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Examining Homeownership Rates for Single Mothers

The homeownership rate for single mothers nationally in 2017 fell to 31%, which is the most current data available, according to a report by Redfin. 

Redfin’s data shows that the 31% homeownership rate is on par with the 2016 rate, but down from 35.5% in 2010.

The overall homeownership rate nationally is 63.9%, which is also down from almost 70% in 2010. Over the same period of time, median home prices have increased form $207,000 in July 2010 to $291,000 in July 2017.

McAllen, Texas, was home to the highest homeownership rate among single mothers in 2017 at 46.6%. The typical home in McAllen sells for $165,000. Salt Lake City, Utah (41.7%), Grand Rapids, Michigan (41.5%), and Minneapolis, Minnesota (40.3%) followed. 

With the exception of El Paso, Texas, and San Antonio, Texas, all of the top-10 metros for single-mother homeownership have higher-than-national overall homeownership rates. 

“For single mothers, it can be difficult to purchase a home in housing markets where prices are going up and up,” said Salt Lake City Redfin agent Ryan Aycock. “Salt Lake City, along with other Utah communities, have been actively looking for ways to help single mothers and other people on budgets achieve home ownership, and many people have been able to through loan options like the Utah Housing Corporation and various government grants that assist with down payments. This ultimately leads to increased neighborhood stability through homeownership.”

California is home to the four cities with the lowest rates for single mothers: Fresno (20.5%), Los Angeles (20.7%), San Diego (22.4%), and Bakersfield (22.6%). These metros also have homeownership rates below the national average.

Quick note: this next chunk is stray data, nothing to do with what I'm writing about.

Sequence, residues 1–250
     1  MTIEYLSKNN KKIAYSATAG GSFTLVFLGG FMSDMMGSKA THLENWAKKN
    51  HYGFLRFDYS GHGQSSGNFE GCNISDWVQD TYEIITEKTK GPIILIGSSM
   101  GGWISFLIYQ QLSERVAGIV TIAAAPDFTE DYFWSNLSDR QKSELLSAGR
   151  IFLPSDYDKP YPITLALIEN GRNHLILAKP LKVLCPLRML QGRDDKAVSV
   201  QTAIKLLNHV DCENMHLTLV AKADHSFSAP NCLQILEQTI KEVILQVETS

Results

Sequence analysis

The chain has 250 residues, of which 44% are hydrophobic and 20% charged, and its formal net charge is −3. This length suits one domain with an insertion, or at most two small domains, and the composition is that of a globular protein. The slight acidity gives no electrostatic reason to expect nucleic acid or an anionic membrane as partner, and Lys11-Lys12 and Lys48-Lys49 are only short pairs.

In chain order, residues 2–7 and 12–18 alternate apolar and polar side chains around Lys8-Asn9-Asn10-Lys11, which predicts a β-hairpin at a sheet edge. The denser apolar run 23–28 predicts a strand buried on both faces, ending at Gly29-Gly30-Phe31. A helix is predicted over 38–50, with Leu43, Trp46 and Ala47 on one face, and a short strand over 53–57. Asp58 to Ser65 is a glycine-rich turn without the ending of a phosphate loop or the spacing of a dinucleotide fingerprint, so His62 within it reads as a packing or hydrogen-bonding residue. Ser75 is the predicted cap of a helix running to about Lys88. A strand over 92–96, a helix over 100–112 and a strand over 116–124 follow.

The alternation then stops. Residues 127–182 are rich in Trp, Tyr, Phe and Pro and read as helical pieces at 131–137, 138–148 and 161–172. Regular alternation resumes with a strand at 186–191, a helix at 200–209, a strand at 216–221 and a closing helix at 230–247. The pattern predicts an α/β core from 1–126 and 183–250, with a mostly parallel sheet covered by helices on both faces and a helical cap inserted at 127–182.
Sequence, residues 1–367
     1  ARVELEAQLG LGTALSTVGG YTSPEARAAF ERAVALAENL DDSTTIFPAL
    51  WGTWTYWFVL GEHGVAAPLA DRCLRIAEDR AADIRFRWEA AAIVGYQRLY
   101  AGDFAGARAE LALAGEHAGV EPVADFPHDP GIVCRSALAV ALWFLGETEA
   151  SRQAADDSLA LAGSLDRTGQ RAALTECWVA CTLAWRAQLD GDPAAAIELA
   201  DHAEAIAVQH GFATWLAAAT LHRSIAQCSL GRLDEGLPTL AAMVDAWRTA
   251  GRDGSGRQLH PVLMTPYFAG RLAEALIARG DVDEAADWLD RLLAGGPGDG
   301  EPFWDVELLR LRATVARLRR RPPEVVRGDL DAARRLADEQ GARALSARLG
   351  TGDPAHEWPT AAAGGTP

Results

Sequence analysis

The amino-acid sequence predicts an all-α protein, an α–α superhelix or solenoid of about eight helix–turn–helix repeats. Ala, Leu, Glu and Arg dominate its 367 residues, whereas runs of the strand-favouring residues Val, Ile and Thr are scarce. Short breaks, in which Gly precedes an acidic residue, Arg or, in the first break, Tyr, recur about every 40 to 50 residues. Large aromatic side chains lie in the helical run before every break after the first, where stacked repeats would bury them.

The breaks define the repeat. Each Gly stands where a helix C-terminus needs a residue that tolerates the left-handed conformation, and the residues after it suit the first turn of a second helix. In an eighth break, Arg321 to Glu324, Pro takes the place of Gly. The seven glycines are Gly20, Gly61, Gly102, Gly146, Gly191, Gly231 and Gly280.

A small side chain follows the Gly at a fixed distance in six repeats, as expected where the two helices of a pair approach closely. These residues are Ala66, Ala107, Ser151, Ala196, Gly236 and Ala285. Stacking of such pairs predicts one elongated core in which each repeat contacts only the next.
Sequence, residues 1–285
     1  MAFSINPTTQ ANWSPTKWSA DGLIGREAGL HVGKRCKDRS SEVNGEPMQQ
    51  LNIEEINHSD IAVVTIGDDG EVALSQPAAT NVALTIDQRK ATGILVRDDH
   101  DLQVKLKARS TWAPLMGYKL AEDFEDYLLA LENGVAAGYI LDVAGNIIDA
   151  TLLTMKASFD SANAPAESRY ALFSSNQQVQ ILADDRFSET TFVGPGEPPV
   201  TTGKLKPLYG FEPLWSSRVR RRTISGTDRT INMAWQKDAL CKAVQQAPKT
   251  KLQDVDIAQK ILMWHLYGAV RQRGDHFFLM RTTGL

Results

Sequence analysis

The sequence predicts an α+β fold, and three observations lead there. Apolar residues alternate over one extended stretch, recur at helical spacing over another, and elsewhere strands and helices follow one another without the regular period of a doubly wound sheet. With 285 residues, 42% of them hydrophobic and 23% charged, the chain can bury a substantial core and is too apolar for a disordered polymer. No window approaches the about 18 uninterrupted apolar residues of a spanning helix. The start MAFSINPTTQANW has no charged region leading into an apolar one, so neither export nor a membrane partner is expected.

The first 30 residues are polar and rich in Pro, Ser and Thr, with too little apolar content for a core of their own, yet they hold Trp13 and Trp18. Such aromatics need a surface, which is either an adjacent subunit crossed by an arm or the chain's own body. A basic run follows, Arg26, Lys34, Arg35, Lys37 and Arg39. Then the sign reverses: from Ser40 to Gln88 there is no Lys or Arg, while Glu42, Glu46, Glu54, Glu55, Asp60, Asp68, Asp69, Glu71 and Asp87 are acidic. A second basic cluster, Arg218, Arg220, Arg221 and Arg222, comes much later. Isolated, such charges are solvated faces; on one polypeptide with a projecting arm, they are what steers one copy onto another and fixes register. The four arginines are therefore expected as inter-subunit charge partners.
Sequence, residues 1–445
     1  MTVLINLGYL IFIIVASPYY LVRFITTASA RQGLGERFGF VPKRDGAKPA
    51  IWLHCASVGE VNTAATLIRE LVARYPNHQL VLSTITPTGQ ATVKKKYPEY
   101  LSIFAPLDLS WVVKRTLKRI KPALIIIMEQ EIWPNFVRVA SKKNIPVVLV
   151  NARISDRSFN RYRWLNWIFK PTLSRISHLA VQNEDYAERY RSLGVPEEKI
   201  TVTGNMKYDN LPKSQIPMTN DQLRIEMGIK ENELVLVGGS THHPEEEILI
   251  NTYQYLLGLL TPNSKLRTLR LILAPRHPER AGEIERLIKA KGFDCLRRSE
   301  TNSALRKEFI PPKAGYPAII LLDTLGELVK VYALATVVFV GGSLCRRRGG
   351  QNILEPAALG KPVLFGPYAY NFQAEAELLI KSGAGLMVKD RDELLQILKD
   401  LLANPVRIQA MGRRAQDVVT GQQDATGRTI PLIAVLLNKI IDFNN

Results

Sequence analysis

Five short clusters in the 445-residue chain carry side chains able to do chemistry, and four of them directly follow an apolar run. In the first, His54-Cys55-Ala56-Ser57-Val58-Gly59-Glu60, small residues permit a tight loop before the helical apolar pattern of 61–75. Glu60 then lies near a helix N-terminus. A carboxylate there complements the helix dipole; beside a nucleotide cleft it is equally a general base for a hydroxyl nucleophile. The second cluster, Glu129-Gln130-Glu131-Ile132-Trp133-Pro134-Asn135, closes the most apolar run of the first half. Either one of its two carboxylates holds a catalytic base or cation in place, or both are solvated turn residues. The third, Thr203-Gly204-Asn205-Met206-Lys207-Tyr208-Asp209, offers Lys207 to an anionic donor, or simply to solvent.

Both Miami, Florida, and Memphis, Tennessee, saw single-mother homeownership rates drop by nearly 10%—the largest decrease in the nation. 

“Although more single moms have entered the workforce since 2015, thanks in part to a growing economy, single mothers haven’t yet been able to gain increased wealth through equity from homeownership. That’s because in many expensive metros, single moms aren’t able to access the benefits of homeownership due to a lack of affordable homes for sale,” said Redfin chief economist Daryl Fairweather. 

About Author: Mike Albanese

A graduate of the University of Alabama, Mike Albanese has worked for news publications since 2011 in Texas and Colorado. He has built a portfolio of more than 1,000 articles, covering city government, police and crime, business, sports, and is experienced in crafting engaging features and enterprise pieces. He spent time as the sports editor for the "Pilot Point Post-Signal," and has covered the DFW Metroplex for several years. He has also assisted with sports coverage and editing duties with the "Dallas Morning News" and "Denton Record-Chronicle" over the past several years.

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